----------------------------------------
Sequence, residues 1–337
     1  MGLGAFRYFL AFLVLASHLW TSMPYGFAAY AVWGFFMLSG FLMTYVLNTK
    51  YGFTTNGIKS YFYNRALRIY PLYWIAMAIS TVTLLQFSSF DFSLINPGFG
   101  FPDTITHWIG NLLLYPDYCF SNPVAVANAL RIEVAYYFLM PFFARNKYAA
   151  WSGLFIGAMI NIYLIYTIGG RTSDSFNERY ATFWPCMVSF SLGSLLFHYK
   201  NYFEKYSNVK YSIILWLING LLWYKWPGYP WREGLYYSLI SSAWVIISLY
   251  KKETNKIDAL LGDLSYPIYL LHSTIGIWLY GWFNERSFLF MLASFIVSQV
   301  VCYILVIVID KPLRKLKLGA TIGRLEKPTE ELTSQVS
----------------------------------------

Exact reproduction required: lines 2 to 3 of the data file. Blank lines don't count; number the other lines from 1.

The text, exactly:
     1  MGLGAFRYFL AFLVLASHLW TSMPYGFAAY AVWGFFMLSG FLMTYVLNTK
    51  YGFTTNGIKS YFYNRALRIY PLYWIAMAIS TVTLLQFSSF DFSLINPGFG